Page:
By Clark M. Peters, JD, MSW, PhD
As a policy researcher, my current position as a professor at MU’s School of Social Work – with an appointment at the Truman School of Public Affairs and a courtesy appointment here at the law school – would certainly fall under the “nontraditional” category. The work I do, however, is very much in line with the goals I had as I entered law school: to engage with the challenges that effect society’s most vulnerable populations.
I had done some policy work before attending college, but decided that a JD would provide additional leverage to achieve social change. I attended Cornell Law School and was very much involved with public interest activities, especially legal aid clinic work and student organizing. I helped found a new journal, brought in speakers, and had leadership roles in various student groups. I spent my first summer at a large corporate law firm and my second summer on a law school public interest fellowship at the Youth Law Center, a national civil rights organization in San Francisco. It was at the YLC that I sharpened my interest in improving the way that the state cares for young people under its care – those in foster care, residential settings, and confinement.
That second summer internship led to a successful application for a Skadden Public Interest Fellowhip upon graduation. A “Skadden” provides salary and loan payments to new graduates engaged in public interest law. (If you have any interest in applying – and you should consider it! – please don’t hesitate to contact me.) As a staff attorney at the YLC for two years, I worked on class action lawsuits involving the abuse of detained children, conducted trainings for human service professionals, and wrote briefs on legal policy. I also took on some complicated individual cases from a local agency, Legal Services for Children, involving emancipation and guardianship.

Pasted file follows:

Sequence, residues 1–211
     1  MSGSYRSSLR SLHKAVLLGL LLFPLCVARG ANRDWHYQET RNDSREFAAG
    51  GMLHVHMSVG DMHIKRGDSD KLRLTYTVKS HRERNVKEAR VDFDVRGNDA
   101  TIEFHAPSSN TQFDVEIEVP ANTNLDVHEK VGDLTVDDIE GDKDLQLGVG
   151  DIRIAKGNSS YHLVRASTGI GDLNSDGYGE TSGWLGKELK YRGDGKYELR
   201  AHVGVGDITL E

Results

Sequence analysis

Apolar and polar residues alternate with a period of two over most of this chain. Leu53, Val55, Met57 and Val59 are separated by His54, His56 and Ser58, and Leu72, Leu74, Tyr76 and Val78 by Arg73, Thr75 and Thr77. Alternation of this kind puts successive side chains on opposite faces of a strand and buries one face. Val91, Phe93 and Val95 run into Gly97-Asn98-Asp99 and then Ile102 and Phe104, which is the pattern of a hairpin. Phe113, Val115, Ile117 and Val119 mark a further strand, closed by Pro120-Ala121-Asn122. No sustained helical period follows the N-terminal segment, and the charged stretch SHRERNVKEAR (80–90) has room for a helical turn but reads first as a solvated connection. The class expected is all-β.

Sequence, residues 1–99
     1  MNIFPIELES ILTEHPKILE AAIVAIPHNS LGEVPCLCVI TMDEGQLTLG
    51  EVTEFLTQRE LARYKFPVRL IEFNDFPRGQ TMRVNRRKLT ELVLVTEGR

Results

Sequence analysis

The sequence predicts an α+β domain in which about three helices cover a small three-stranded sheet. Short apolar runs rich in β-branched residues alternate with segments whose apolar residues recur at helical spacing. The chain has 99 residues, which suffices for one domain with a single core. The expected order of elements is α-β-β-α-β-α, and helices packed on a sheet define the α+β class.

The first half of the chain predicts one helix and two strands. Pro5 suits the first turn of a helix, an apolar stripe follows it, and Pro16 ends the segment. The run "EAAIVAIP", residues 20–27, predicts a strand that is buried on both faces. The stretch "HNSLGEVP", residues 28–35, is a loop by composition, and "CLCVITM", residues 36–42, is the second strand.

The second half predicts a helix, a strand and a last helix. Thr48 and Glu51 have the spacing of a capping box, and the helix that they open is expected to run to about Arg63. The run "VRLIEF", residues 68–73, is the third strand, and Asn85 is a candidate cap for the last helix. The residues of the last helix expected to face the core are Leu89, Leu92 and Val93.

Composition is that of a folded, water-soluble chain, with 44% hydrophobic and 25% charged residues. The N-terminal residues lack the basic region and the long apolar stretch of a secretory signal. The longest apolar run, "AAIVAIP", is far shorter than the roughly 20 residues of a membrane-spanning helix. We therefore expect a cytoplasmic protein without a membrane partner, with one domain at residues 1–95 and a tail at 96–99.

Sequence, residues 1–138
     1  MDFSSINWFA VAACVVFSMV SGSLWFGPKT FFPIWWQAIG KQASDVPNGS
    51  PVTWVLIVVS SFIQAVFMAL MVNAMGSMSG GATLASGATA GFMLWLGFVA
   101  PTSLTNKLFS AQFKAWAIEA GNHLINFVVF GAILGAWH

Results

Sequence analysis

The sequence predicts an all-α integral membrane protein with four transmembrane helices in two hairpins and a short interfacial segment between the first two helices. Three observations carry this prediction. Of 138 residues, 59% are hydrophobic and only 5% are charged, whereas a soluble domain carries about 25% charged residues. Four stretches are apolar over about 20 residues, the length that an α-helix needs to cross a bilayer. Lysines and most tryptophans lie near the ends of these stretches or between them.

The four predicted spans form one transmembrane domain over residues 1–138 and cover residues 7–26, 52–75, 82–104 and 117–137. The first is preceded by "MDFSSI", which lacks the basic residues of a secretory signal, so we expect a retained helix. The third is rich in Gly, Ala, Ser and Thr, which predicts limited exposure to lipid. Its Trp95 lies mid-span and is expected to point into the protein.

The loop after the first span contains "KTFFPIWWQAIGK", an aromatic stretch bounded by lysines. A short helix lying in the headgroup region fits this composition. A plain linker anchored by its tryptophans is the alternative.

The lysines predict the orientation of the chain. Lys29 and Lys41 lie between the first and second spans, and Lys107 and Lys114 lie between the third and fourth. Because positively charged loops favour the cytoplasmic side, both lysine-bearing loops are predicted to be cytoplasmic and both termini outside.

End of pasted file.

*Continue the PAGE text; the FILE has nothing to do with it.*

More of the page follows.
After completing my fellowship, I was eager to return to the Midwest to be closer to friends and family. However, I found myself seeking a position in legal services at an inopportune time: recent cuts to the Legal Services Corporation had led to layoffs and a glut of experienced attorneys. Considering alternatives, I returned to my old college employer, Chapin Hall Center for Children, which, as it turns out, had been seeking to engage in research in the legal aspects of the child welfare system. What I thought would be a temporary research position turned out to be a satisfying decade working in an influential policy think tank informing local, state, and national conversations on how to care for young people in state care.
I have found that working in the realm of legal and social policy suits my specific talents and intellectual curiosity. Realizing that I planned to continue this work, I obtained a doctoral in social policy from the University of Chicago, which led to an invitation to join the faculty here at Mizzou. I am now able to continue my policy research work, teach at the undergraduate and graduate level, and join with policy makers at all levels as they wrestle with contemporary challenges regarding child welfare and juvenile justice. While I visit courtrooms now only to observe and gather data, I believe that my advocacy on behalf of young people plays an important role in improving their well being.